Flood Safety

Living on high ground isn’t an automatic safeguard against flood dangers.

Living on high ground isn’t an automatic safeguard against flood dangers. Unless you’re totally homebound, you’re bound to venture into areas that, under the right conditions, can quickly become inundated with roaring water.

Around downtown Louisville, and near the University of Louisville campus, for instance, there are numerous underpasses with signs warning drivers “Do Not Enter If Flooded.” Sounds like a no-brainer. But it seems like every time there is a heavy rainstorm, there’s news coverage of vehicles swamped in one of these areas, with doe-eyed drivers explaining, “It didn’t look that deep.”

News flash: Moving water that is just six inches deep is enough to sweep an adult off their feet, and as little as two feet of moving water can carry away most SUV-sized vehicles, according to the National Weather Service (NWS), which reports that people are more likely to die in a flood than be killed by lightning, a tornado or a hurricane.

Based on 30-year averages, 127 people die each year in floods, compared with 73 from lightning, 65 from tornadoes and 16 from hurricanes, the agency reports.

The bulk of those deaths don’t come from cataclysmic events like the Great Flood of January 1937, which devastated Louisville and remains one of the worst floods in U.S. history

That flood, which inundated cities and towns along the entire 800-mile length of the Ohio River, reached inland areas of Louisville previously not considered flood prone, including Churchill Downs. More than 70 percent of the city was flooded, forcing more than 175,000 residents to evacuate, and causing $52 million in damage (equal to $710 million today.)

The Great Flood of ’37 came after 19 inches of rain in one month, coupled with upriver snow melt. The U.S. Army Corps of Engineers took on a greater role in flood protection afterward, constructing flood walls and systems to divert rising waters from populated areas.

Nowadays, it’s generally smaller flooding events that claim the most lives, according to the NWS, whose “Turn Around, Don’t Drown,” slogan is designed to stem deaths from flash floods. Even strong swimmers are at risk in flood waters, which can be swift, have unstable currents and often carry debris such as logs or building materials.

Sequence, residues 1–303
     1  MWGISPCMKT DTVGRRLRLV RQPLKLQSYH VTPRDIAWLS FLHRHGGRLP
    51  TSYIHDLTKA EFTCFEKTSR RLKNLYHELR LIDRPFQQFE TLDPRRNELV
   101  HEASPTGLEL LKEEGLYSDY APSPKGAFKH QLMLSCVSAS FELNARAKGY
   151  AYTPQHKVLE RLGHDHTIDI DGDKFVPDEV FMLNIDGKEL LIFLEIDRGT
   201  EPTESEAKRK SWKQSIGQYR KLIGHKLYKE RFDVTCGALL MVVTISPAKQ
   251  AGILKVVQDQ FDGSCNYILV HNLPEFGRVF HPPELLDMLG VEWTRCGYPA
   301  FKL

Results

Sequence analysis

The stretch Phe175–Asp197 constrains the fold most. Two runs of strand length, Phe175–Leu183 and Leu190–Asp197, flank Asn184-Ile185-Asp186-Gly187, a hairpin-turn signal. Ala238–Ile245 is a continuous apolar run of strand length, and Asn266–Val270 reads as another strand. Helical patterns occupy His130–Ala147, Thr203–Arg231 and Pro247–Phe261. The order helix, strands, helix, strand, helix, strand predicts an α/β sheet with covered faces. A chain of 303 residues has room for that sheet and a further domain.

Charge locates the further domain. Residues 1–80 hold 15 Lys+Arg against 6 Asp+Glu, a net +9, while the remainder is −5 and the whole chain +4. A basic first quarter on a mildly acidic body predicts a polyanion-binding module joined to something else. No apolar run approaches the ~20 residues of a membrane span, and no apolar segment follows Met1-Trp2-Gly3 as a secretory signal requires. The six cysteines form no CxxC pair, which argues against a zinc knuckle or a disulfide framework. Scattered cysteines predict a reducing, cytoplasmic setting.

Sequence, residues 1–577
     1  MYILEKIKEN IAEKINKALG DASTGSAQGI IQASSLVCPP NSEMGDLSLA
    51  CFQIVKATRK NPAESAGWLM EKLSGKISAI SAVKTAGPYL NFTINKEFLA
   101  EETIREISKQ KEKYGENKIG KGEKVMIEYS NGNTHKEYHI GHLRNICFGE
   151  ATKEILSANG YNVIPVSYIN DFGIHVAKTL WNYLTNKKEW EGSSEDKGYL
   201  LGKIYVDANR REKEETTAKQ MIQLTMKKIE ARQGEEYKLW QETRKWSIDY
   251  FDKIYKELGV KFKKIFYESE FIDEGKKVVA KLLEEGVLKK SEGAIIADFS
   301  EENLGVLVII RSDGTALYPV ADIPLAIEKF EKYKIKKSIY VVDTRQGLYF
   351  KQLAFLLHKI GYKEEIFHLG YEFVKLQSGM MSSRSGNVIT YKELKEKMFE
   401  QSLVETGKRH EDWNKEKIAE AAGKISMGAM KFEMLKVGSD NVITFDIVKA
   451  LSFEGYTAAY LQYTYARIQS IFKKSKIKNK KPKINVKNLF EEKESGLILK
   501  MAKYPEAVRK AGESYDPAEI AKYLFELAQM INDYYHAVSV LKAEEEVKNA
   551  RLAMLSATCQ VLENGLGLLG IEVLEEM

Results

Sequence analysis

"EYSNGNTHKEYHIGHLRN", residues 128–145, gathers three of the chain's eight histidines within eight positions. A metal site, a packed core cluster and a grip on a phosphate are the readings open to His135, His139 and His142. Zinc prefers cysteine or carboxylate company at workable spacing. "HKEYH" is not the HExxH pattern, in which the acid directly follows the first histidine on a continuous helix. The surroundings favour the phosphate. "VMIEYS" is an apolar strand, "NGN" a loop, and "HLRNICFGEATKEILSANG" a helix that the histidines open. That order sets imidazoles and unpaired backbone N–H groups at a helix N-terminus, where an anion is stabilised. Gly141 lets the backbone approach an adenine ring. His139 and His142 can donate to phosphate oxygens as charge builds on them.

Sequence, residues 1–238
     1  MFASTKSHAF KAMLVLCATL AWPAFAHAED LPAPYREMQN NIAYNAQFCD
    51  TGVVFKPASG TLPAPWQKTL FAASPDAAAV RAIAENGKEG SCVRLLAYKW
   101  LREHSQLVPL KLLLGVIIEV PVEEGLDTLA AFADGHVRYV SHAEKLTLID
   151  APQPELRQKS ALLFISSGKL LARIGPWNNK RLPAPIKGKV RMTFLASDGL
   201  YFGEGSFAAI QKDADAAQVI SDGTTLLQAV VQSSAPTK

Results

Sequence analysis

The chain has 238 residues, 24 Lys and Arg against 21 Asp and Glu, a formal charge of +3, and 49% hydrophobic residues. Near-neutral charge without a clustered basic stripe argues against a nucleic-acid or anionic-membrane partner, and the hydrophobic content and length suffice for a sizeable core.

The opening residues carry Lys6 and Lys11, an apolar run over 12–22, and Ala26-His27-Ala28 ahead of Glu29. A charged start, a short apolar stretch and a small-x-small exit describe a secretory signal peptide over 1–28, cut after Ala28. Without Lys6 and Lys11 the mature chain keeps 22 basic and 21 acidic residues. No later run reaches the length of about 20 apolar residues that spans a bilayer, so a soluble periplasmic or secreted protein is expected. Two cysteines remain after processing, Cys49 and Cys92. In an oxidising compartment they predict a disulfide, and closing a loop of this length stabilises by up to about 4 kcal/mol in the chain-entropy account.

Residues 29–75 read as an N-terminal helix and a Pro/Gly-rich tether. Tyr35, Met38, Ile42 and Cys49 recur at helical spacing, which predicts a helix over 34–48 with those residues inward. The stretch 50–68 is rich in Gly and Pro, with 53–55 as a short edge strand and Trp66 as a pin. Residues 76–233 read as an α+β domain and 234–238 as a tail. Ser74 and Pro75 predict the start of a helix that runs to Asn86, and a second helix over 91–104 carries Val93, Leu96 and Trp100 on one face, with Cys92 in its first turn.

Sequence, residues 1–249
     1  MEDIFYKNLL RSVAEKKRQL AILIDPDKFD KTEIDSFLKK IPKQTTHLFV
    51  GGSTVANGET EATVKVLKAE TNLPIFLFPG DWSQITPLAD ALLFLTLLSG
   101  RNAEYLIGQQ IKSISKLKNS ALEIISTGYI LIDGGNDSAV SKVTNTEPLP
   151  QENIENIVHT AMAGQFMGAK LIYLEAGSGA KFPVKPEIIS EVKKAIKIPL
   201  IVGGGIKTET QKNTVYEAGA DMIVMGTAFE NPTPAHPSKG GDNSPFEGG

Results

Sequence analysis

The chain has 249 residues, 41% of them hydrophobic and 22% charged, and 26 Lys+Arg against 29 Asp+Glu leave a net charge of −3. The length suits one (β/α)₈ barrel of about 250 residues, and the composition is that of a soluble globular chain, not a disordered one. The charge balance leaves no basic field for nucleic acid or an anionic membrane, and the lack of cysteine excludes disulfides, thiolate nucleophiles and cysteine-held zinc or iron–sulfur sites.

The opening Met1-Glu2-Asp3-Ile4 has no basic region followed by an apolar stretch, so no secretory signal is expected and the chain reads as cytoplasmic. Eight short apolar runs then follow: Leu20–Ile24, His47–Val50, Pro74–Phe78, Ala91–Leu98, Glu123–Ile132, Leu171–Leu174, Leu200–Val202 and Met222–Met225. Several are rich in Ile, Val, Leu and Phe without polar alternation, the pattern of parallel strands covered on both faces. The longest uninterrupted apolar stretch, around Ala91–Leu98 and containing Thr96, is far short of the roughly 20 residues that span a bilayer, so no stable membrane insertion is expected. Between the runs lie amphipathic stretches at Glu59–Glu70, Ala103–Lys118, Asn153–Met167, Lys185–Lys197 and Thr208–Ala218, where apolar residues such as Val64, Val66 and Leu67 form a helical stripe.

Five people drowned in three separate incidents one day last December here in Kentucky, when heavy rain made normally calm waterways swell over their banks. All of the drownings happened after drivers attempted to drive through flooded areas, emergency management officials said.

To prevent tragedies like the December drownings, the NWS and the Federal Emergency Management Agency (FEMA) urges people to heed the following flood safety advice:

  • Don’t try to drive, walk or swim through flooded areas, or allow children to play in them. It is easy to underestimate how deep the water is or how quickly it is moving. It can be impossible to tell if a bridge or roadbed under the water has been damaged.
  • Remember that a vehicle provides little to no protection against being swept away. Being in a car or truck can make a person over-confident, and it may become too late to turn around once realizing how risky conditions are.
  • If water comes into your home or business, do not go into basements or other areas where it has come into contact with electrical outlets or items that are plugged in.
  • Keep children away from spillways, stormwater retention ponds and drainage pipes. These areas can fill rapidly after storms or in the case of a nearby burst water main.
  • Have a weather radio, with fresh batteries, that can help track current conditions during a flood or other serious weather event.
  • Find out if your home or roads that you normally travel are in low, medium or high flood risk zones.
  • Develop an evacuation plan, should the need arise. Make sure everyone in the family knows the plan, and what to do in case family members get separated.


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